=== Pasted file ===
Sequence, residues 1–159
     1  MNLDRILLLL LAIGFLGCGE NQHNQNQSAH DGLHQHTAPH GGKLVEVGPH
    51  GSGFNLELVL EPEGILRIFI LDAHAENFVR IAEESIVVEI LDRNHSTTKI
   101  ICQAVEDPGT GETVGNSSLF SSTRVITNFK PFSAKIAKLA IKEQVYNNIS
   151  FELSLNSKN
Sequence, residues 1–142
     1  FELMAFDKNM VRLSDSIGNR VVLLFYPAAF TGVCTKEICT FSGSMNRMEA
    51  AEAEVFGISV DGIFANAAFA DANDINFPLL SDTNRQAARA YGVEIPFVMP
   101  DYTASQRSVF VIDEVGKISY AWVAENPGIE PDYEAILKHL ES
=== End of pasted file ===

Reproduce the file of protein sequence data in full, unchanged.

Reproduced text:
Sequence, residues 1–159
     1  MNLDRILLLL LAIGFLGCGE NQHNQNQSAH DGLHQHTAPH GGKLVEVGPH
    51  GSGFNLELVL EPEGILRIFI LDAHAENFVR IAEESIVVEI LDRNHSTTKI
   101  ICQAVEDPGT GETVGNSSLF SSTRVITNFK PFSAKIAKLA IKEQVYNNIS
   151  FELSLNSKN
Sequence, residues 1–142
     1  FELMAFDKNM VRLSDSIGNR VVLLFYPAAF TGVCTKEICT FSGSMNRMEA
    51  AEAEVFGISV DGIFANAAFA DANDINFPLL SDTNRQAARA YGVEIPFVMP
   101  DYTASQRSVF VIDEVGKISY AWVAENPGIE PDYEAILKHL ES